Walking on Mt Taranaki – Maketawa Hut

28 01 2013

On Saturday a small group of SCANZ residents (incidentally all Australians) got together and did some bushwalking on Mt Taranaki. This was an important part of my project for SCANZ as the artwork I have made for the exhibition at Puki Ariki focuses on aerial maps of the mountain. I needed to have an understanding of the terrain and the vegetation that was ‘felt’, not just observed.

It was probably one of the most beautiful walks I have been on for a long time and one of the most physically challenging. As we walked from the Visitor’s Centre, we headed up to the three way turn off to the summit walk, then headed towards Maketawa Hut for lunch. The first part of the walk was walking uphill along a series of ridges, with beautiful views of the valley below and the coastline. Mt Taranaki however was hidden under cloud so we were not able to see the summit.

Around the mountain circuit - from Dept of Conservation website

Around the mountain circuit – from Dept of Conservation website

(From http://www.doc.govt.nz/parks-and-recreation/tracks-and-walks/taranaki/taranaki/around-the-mountain-circuit/)

After lunch we started to head down the track, through what I can only explain as an enchanted forest, with tree roots in many parts acting as natural steps. Once we arrived at the lowest point above sea level, we then went up and down some steep ridges and creeks. I found the landscape was both gentle in its beauty but difficult in terms of traversing. Along the way were a number of ladders up and down, giving a real sense of the undulating land formed by lava so long ago.

It was also wonderful to see elements of the imagery that I had collected of aerial views in the landscape. For example, these beautiful shapes in the image below.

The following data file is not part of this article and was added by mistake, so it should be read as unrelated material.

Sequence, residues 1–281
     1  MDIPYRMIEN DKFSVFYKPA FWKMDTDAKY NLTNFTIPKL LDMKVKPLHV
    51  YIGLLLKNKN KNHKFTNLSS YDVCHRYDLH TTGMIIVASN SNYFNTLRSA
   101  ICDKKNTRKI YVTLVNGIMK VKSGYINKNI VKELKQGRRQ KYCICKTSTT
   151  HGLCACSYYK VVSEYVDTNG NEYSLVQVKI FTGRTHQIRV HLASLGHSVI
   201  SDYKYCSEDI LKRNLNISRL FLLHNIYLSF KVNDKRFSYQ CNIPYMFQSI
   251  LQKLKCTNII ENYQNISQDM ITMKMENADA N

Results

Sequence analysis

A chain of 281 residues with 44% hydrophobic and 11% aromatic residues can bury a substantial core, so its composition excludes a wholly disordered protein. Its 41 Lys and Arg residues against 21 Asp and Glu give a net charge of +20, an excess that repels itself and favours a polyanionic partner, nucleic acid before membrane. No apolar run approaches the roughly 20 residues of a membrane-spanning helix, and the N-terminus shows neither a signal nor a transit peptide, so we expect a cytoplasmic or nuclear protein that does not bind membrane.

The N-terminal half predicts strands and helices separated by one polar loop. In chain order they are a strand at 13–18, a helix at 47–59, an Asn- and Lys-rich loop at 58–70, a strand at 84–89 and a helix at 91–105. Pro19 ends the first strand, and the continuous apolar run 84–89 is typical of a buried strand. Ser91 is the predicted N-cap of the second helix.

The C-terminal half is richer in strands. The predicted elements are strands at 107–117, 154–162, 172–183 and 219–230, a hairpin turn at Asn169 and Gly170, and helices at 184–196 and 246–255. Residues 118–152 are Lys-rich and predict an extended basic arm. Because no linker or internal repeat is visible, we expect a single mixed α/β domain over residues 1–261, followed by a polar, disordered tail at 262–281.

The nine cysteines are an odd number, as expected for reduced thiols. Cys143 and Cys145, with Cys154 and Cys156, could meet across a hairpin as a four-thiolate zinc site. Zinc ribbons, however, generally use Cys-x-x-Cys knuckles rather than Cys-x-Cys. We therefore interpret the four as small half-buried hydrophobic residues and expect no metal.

Mt Taranaki

Mt Taranaki (from ‘Message to the mountain’ 2013)

Here is some information about the walk we did from holidays in New Zealand website (note we did the walk in the opposite direction):

Maketawa Hut Round Trip – 4 hours

This is for those who are fitter. Take the Ngatoro Track from below the Information Centre and turn left at the Maketawa Track Junction.

This takes you through more mossy forest, changing to nikau, cordylines and other flora and fauna. It takes about 2 hours to Maketawa Hut.

Walk through the hut to the outdoor deck for extensive views. Leaving the hut you walk up through alpine vegetation………….steps…steps… and more steps! Eventually you come out on the road just below the Translator Tower. From here you walk back down the road to the Camphouse.

One of the things I have learnt about mountains in Māori culture is that they are like people being male or female.  In an earlier post I discussed the story of how Taranaki came to reside in this region. Something else, I found very interesting is that in Māori culture, one should avoid touching the top of the head as it is the centre of all knowledge and memory. For this reason, it is not culturally appropriate to climb to the top of the summit and ‘stand’ on someone’s head. To learn some more about cultural protocols go to http://www.headspace.org.nz/maori-mental-health.htm.

A special thank you to Jo Tito for reviewing this post.

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